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Dokuro Review


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On 11/21/2012 at 08:44 PM by Nick DiMola

Despite its charming personality, this puzzle-platformer doesn't have much going for it.
RECOMMENDATION:

For novice puzzle gamers only.

I've been putting off writing this review for at least the past week because I was having a hard time contextualizing my feelings for Dokuro. In short, the game wasn't gripping me, but I couldn't put my finger on exactly what it was that turned me off. Was it the progression? Couldn't be - it offered a consistently growing repertoire of abilities. It wasn't the aesthetic; that held plenty of appeal, as did the characters contained therein. All along I thought to myself that it must be the challenge. But with a mix of easy and harder puzzles, how could that be the problem? Well, after some further reflection, there's no question that the challenge level of the game is the cause of my apathy. Let me explain.

Dokuro starts off at a nice clip. It quickly explains some of its core functionalities and augments them appropriately as you progress through the levels. As a small minion of the lord of the underworld, you're completely invisible to the damsel in distress that progresses automatically from the left side of the level to the right. In order to ensure her (safe) passage, you are required to move all impediments and dangers out of her way. She has some extremely basic AI that will allow her to run from enemies and avoid obvious threats like spikes, but otherwise she's completely clueless.

Through use of a special potion, you can materialize as a prince and quickly carry the princess across some areas or down to lower platforms. You are also more adept at dispatching foes in the environment, but it comes at the expense of your double jump. By using these two forms as well as the white, red, and blue chalk, you can solve all of the puzzles in the game. These chalks offer you the ability to attach platforms to pivot points to make them swing (white), draw a fuse to light a canon or ignite a candle (red), or create some water to float wooden objects (blue).

With so many different abilities, it may seem like Dokuro is extremely complicated in execution; however, nearly the exact opposite is true. At any given time, no more than one or two of these abilities is put into play, which makes the majority of the puzzles in the game extremely simplistic. A brief assessment of the landscape quickly makes obvious the solution to the puzzle. The ones that don't fit into this archetype fall into a different one.

These puzzles are extremely long and drawn out and can take up to fifteen minutes to complete. Any trip up you have along the way will result in a complete restart of the level due to the lack of checkpoints or rewind abilities. Because the controls can sometimes fail you, not all screw-ups can be attributed to just poor puzzle solving - some are legitimately at the fault of the game. Having to restart these epic levels is not only frustrating, but extremely tedious as well.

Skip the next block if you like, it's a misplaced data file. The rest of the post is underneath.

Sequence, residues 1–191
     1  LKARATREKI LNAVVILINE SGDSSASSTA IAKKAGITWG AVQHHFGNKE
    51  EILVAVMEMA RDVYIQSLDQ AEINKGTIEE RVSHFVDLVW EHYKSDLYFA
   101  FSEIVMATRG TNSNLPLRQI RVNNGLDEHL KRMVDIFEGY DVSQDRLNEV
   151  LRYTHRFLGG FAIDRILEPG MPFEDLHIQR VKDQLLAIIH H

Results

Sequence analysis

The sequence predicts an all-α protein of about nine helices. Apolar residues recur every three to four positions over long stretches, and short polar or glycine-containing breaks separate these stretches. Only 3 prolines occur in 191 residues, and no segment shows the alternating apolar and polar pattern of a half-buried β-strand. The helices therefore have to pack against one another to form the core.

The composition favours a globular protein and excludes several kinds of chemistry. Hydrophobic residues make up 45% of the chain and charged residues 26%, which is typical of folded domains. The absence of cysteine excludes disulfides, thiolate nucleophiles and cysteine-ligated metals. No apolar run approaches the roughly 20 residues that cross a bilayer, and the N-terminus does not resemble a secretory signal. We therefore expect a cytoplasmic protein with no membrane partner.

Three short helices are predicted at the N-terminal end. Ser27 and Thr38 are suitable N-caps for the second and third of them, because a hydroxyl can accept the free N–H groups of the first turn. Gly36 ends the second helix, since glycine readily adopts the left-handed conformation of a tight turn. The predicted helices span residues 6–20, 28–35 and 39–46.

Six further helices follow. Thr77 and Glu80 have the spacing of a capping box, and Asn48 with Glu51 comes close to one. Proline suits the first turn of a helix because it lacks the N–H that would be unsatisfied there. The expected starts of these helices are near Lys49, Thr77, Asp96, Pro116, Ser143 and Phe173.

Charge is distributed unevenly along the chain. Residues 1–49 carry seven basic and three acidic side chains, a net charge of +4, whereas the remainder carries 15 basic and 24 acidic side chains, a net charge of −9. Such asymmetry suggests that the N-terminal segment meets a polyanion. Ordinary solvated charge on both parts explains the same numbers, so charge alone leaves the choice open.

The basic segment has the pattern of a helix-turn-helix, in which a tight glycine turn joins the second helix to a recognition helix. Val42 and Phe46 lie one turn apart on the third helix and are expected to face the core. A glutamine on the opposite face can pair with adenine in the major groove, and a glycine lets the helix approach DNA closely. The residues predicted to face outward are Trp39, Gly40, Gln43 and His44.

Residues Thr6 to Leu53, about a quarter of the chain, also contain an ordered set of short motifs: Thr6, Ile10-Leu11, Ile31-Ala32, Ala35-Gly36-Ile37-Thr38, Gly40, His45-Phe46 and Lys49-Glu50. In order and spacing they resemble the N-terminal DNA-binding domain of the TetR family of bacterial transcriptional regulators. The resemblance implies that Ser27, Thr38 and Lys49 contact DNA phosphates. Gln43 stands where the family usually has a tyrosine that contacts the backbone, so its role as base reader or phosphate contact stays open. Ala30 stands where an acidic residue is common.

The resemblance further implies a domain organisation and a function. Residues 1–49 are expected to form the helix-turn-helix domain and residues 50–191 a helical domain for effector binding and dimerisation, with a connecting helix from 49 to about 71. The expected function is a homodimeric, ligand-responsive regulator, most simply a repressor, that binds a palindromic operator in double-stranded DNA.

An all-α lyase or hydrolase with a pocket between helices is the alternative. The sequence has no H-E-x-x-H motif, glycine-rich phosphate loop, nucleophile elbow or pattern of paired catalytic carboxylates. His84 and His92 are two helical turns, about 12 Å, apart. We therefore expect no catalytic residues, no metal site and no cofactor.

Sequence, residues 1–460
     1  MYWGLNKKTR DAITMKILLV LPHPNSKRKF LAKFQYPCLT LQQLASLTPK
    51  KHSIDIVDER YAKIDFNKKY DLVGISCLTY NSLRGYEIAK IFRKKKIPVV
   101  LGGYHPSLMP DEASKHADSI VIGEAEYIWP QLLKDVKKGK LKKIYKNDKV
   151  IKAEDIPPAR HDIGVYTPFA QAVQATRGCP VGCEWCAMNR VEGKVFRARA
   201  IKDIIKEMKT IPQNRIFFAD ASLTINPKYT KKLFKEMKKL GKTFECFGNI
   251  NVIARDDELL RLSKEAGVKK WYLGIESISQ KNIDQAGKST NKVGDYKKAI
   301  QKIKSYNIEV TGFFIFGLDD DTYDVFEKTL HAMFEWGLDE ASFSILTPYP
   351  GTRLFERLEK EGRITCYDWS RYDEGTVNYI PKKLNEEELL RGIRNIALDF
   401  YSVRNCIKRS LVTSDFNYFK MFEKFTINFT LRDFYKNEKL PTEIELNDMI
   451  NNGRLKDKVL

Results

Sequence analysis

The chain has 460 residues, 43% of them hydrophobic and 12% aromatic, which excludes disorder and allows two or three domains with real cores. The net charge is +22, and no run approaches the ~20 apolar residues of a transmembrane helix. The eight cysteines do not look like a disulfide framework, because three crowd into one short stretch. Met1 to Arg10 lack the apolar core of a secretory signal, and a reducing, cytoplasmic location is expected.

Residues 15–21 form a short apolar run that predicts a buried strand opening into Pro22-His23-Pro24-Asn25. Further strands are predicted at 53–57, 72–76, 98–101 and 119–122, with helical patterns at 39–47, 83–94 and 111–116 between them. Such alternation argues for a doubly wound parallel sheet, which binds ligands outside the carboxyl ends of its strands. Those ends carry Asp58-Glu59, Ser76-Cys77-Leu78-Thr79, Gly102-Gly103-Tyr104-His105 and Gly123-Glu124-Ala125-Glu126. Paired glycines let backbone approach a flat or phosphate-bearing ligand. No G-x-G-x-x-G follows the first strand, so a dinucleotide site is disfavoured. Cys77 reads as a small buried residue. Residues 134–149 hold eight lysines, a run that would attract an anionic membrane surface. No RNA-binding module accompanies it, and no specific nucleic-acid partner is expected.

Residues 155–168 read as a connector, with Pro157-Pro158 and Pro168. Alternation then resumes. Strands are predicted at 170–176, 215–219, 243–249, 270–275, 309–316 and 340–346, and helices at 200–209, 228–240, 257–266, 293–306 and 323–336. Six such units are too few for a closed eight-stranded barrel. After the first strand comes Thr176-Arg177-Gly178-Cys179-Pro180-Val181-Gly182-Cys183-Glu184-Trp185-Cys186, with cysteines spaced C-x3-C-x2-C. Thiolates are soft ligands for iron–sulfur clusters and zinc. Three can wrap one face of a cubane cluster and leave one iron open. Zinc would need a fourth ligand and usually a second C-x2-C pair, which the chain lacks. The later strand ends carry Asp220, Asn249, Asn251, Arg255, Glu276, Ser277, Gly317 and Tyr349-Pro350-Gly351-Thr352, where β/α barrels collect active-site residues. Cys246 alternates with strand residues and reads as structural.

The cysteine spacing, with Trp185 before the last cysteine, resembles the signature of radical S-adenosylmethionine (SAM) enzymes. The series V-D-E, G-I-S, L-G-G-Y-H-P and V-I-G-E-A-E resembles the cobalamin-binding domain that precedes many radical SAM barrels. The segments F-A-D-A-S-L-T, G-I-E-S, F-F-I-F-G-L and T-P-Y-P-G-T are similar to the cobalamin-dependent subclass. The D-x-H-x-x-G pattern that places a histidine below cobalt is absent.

As such, the game oscillates between levels that are entirely too easy and those that are oppressively hard. While the epic levels are few and far between, this just means that you're subjected to a larger quantity of mundane ones. As the game wears on, this becomes a bigger and bigger turn-off to the point where the game becomes a complete slog.

Don’t get me wrong—there are definitely a few ingenious puzzles scattered amidst these boring ones and the coins that are hidden in each level often make the puzzle solving more challenging and interesting. Boss battle levels comprise part of this subset and their unique fusion of combat and puzzle solving make them extremely memorable. However, as a sum of its parts, Dokuro is not engaging enough to hold your attention for the 150 levels it contains.

Perhaps novices to the genre will find something to enjoy, but for seasoned veterans, Dokuro simply doesn't have the proper challenge level to hold your interest.

Review Policy

In our reviews, we'll try not to bore you with minutiae of a game. Instead, we'll outline what makes the game good or bad, and focus on telling you whether or not it is worth your time as opposed to what button makes you jump.

We use a five-star rating system with intervals of .5. Below is an outline of what each score generally means:


All games that receive this score are standout games in their genre. All players should seek a way to play this game. While the score doesn't equate to perfection, it's the best any game could conceivably do.


These are above-average games that most players should consider purchasing. Nearly everyone will enjoy the game and given the proper audience, some may even love these games.


This is our middle-of-the-road ranking. Titles that receive three stars may not make a strong impression on the reviewer in either direction. These games may have some faults and some strong points but they average out to be a modest title that is at least worthy of rental for most.


Games that are awarded two stars are below average titles. Good ideas may be present, but execution is poor and many issues hinder the experience.


Though functional, a game that receives this score has major issues. There are little to no redeeming qualities and should be avoided by nearly all players.


A game that gets this score is fundamentally broken and should be avoided by everyone.


 

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